Spring 2020

Intention Matters for Kind Communication

Ben’s Bells founder will research how to help people practice kindness during difficult conversations.

A simple, flower-shaped sticker, stamped with the words “Be Kind,” has become a familiar sight on many Tucson vehicles. But it’s just the tip of the iceberg when it comes to the work being done by the local nonprofit Ben’s Bells to promote kindness in the community.

The organization, which is committed to educating people about the importance of kindness, was founded by Jeannette Maré ’89, who says the kindness of others was essential to her healing after her son died 17 years ago.

Maré has now decided to take a deeper look at kindness by making kind communication the topic of her dissertation research at the University of Arizona.

Maré, who serves as Ben’s Bells’ chief kindness officer, has enrolled as a doctoral student in the Department of Communication in the College of Social and Behavioral Sciences. She plans to research how best to equip people with the skills they need to practice kindness during difficult conversations.

“In my generation, you were taught not to talk about things like race, religion, politics or grief, but if we don’t learn how to talk about these things, how can we expect to solve any of these problems?” Maré says. “I’m looking into what it takes to get people into the frame of mind that they need to be in to learn how to have these difficult conversations.”

Her work will be advised by communications professor Kory Floyd, whose research focuses on the communication of affection.

“A consistent finding in my research is that people profit both by receiving affection from others and also by giving it,” Floyd says. “By encouraging kindness, Jeannette’s work benefits not only the recipients of that kindness, but also those who provide it.”

Maré is not a new face on campus. Her father was a professor, and Maré earned her bachelor’s degree in linguistics from the university. She later worked as a sign language interpreter for the Disability Resource Center, and in 2000 she joined the faculty, teaching linguistics and sign language interpreting for about a decade.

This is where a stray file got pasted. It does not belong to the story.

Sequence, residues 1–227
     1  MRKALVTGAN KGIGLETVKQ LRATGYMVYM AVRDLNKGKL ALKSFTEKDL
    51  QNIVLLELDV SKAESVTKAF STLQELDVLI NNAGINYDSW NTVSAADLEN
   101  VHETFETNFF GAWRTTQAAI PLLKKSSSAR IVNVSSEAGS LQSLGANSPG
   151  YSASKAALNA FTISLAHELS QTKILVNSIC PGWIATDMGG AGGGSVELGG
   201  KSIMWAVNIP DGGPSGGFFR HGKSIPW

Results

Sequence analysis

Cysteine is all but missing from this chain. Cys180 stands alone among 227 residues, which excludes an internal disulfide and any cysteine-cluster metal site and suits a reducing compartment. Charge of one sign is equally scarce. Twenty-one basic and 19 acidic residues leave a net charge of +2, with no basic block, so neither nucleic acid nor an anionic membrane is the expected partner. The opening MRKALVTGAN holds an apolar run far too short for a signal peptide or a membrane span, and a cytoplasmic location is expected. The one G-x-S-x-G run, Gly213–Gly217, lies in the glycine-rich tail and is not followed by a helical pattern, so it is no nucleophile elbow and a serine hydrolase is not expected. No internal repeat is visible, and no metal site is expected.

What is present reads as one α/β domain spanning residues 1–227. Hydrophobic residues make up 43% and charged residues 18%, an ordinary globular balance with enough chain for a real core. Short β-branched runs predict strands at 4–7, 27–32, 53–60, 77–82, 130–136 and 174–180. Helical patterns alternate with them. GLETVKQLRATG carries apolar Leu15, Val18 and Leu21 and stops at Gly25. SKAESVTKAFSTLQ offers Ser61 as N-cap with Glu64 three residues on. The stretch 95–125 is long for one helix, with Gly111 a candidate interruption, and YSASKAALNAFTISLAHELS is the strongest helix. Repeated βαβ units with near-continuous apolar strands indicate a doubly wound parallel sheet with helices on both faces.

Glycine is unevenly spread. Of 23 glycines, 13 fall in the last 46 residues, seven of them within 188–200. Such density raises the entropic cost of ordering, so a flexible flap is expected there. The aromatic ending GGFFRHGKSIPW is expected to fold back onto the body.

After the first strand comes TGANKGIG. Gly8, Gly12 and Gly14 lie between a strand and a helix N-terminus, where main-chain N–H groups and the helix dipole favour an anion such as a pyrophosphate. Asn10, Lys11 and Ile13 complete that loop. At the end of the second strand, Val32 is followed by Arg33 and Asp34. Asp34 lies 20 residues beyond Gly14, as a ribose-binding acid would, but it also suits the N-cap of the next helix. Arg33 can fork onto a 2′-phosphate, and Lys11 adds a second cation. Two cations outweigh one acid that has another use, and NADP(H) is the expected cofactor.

After running the nonprofit Ben’s Bells for 16 years, Maré decided in 2019 to reduce her hours with the organization so she could return to school. The transition was made possible in part by the hiring of a new executive director for Ben’s Bells: Helen Gomez, who previously had served as director of external and alumni relations for the university’s College of Humanities.

Maré has always loved academia, so a return to the classroom came naturally for her. Yet it was personal tragedy that led her to the research she’s pursuing today.

Why Kindness?

In 2002, Maré’s life changed forever when her 3-year-old son, Ben, died unexpectedly.

To help her through her grief, she began doing ceramics with family and friends in her backyard. What started as a therapeutic exercise soon grew into something much larger.

On the first anniversary of Ben’s death, hundreds of handmade ceramic bells were hung throughout Tucson in his memory, with the goal of spreading a message of kindness — something that had been critical
to Maré and her family in their healing process.

The effort led to the formation of Ben’s Bells, which continues to distribute bells in Ben’s memory. Any passerby who finds a bell is invited it to take it home, with a reminder to “Be Kind.”

“We need to encourage people to prioritize kindness, because it is vital for pretty much everything else we do,” Maré says. “I use the analogy of a beach ball in the air: If the beach ball is kindness, Ben’s Bells’ job
is to keep that thing in the air. We want to keep reminding people and keep talking about it.”

“The reason I wanted to study communication is because it’s how we enact kindness. People may have the intention to be kind, but it is not enough. There needs to be a skill set that allows us to produce a message — verbally or nonverbally — that actually results in support.”